Wise gives you the real, mid-market, exchange rate, so you can make huge savings on your international money transfers. Financially, the currency peg was designed not to require the Bank of England to lend its reserves to maintain Hong Kong’s currency peg. Three commercial banks are licensed by the Hong Kong Monetary Authority to issue their own banknotes for general circulation in Hong Kong. These banks, HSBC, Bank of China, and Standard Chartered, issue their own designs of banknotes in denominations of HK$20, HK$50, HK$100, HK$150, HK$500, and HK$1000, with all designs being similar to one another in the same denomination of banknote.
- The HKD is used in both Hong Kong and the neighboring territory of Macau, whose currency, the pataca, is pegged to the Hong Kong dollar.
- In 1972, the HK dollar was pegged to the U.S. dollar at a rate of HK$5.65 to $1 USD.
- The funds for the backing are held in Hong Kong’s exchange fund, one of the world’s largest government reserves.
- The issue of Hong Kong dollar notes is governed today by the Hong Kong Monetary Authority (HKMA), the governmental currency board of Hong Kong.
You can send a variety of international currencies to multiple countries reliably, quickly, and safely, and at a rate cheaper than most banks. In 1975, the HK$5 notes were replaced by coins, whilst HK$1,000 notes were introduced white label payment gateway reseller in 1977. The Mercantile Bank was absorbed by the HSBC in 1978 and ceased issuing notes. In 1985, HK$20 notes were introduced, whilst, in 1993, HK$10 coins were introduced and the banks stopped issuing HK$10 notes.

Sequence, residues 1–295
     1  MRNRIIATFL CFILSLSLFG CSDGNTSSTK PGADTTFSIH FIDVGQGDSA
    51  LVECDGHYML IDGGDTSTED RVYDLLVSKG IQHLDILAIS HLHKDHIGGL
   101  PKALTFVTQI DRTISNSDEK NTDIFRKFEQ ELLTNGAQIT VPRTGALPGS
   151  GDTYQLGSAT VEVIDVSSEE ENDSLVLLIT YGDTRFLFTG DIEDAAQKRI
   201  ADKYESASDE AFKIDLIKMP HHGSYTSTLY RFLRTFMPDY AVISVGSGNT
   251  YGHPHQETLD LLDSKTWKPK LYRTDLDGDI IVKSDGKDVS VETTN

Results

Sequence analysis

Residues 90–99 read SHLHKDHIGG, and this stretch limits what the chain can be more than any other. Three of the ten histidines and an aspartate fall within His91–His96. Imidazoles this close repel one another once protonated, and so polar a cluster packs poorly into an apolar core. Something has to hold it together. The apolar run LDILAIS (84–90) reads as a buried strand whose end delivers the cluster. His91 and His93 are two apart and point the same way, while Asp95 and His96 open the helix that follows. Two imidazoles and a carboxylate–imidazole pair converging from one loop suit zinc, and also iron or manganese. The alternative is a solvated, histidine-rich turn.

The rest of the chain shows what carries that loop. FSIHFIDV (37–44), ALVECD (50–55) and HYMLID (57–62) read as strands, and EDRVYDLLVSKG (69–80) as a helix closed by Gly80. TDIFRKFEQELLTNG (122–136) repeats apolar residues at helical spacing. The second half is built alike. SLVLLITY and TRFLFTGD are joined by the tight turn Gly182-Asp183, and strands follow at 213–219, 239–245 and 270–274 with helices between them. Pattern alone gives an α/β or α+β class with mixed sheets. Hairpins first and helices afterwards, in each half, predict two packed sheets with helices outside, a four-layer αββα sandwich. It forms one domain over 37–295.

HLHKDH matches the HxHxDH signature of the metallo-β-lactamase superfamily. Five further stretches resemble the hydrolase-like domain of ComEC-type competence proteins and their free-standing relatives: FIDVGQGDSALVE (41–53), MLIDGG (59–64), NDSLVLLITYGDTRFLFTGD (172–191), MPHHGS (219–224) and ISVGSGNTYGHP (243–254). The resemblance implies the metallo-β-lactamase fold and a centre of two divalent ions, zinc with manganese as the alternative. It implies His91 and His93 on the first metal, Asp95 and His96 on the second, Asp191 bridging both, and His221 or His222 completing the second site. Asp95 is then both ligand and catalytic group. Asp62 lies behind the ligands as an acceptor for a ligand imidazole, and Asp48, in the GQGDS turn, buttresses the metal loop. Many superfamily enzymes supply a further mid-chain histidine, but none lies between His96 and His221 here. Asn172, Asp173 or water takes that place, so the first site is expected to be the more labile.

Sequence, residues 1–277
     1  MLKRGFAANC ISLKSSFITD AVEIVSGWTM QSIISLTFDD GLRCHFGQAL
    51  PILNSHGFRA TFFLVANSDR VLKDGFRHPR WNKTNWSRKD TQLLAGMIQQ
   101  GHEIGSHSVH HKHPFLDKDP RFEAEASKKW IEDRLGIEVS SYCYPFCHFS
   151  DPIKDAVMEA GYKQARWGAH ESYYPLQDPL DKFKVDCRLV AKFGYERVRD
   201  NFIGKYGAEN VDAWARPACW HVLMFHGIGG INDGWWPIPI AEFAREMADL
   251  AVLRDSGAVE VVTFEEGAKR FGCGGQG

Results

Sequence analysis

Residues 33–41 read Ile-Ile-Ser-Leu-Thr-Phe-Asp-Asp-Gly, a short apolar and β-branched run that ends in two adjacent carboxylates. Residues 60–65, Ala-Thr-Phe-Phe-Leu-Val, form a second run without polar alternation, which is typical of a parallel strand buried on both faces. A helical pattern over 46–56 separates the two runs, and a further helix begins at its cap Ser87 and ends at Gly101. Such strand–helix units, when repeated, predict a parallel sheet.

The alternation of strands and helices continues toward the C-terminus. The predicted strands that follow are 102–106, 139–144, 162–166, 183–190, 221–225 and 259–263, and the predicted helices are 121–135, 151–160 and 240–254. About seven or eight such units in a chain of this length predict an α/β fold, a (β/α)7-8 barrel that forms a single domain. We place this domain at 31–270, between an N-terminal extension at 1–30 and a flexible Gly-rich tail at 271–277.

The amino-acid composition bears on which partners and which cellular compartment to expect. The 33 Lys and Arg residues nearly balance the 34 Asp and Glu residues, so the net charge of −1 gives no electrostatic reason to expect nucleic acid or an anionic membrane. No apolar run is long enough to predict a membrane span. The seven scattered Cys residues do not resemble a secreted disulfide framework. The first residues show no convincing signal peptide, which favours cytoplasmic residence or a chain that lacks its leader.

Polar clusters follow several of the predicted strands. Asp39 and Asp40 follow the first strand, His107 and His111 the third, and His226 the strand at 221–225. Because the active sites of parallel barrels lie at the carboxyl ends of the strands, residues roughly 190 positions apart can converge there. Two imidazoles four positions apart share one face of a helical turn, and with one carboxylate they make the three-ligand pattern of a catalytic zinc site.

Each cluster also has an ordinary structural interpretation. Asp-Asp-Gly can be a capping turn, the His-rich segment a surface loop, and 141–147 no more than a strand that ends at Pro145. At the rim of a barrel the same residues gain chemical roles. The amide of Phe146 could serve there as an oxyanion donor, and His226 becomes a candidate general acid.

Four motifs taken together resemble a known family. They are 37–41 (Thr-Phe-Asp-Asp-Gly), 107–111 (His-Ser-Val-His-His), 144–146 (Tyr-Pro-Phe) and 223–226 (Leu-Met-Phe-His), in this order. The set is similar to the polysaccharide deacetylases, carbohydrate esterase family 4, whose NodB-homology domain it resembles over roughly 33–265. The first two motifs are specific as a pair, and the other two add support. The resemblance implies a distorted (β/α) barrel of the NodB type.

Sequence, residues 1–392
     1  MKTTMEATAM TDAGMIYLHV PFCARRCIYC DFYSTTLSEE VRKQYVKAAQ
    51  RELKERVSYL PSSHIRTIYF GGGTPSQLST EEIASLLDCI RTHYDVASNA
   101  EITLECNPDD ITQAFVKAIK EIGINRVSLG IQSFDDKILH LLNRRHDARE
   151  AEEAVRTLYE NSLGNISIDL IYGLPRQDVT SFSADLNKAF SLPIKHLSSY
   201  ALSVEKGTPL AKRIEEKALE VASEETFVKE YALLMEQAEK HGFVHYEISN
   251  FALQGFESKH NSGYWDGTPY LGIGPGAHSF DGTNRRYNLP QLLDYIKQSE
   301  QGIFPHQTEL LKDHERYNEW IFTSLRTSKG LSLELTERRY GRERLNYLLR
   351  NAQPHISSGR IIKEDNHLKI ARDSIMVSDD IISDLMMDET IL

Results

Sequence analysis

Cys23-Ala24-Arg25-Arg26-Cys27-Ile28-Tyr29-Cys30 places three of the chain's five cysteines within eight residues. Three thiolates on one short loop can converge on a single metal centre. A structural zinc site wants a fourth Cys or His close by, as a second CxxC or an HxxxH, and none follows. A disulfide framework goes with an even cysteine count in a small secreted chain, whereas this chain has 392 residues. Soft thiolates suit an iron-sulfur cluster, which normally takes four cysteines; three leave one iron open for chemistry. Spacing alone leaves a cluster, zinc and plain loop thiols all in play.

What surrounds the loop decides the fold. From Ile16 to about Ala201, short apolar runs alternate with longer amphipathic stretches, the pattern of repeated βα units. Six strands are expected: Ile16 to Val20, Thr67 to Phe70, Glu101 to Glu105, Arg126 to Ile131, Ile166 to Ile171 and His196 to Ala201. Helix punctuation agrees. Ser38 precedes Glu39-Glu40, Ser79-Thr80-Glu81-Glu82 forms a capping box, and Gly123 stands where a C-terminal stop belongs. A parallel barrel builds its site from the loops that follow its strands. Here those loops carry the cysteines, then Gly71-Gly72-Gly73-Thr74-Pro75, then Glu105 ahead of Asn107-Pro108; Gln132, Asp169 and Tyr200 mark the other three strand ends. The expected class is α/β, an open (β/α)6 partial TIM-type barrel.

The Hong Kong dollar has been pegged to a narrow trading band, which currently ranges between HK$7.7500 and HK$7.8500 per USD. If, and when, the HKD hits either the upper or lower bound, the HKMA, which acts as the de facto central bank, intervenes to stabilize the currency. Banks often advertise free or low-cost transfers, but add a hidden markup to the exchange rate.
The issue of Hong Kong dollar notes is governed today by the Hong Kong Monetary Authority (HKMA), the governmental currency board of Hong Kong. Under licence from the HKMA, three commercial banks issue their own banknotes for general circulation in the region. They are Hongkong and Shanghai Banking Corporation Limited; the Bank of China (Hong Kong) Limited; and the Standard Chartered Bank (Hong Kong) Limited. In most countries of the world the issue of banknotes is handled exclusively by a single central bank or government. The arrangements in Hong Kong are unusual but not unique; a comparable system is used in the United Kingdom, where seven banks issue banknotes.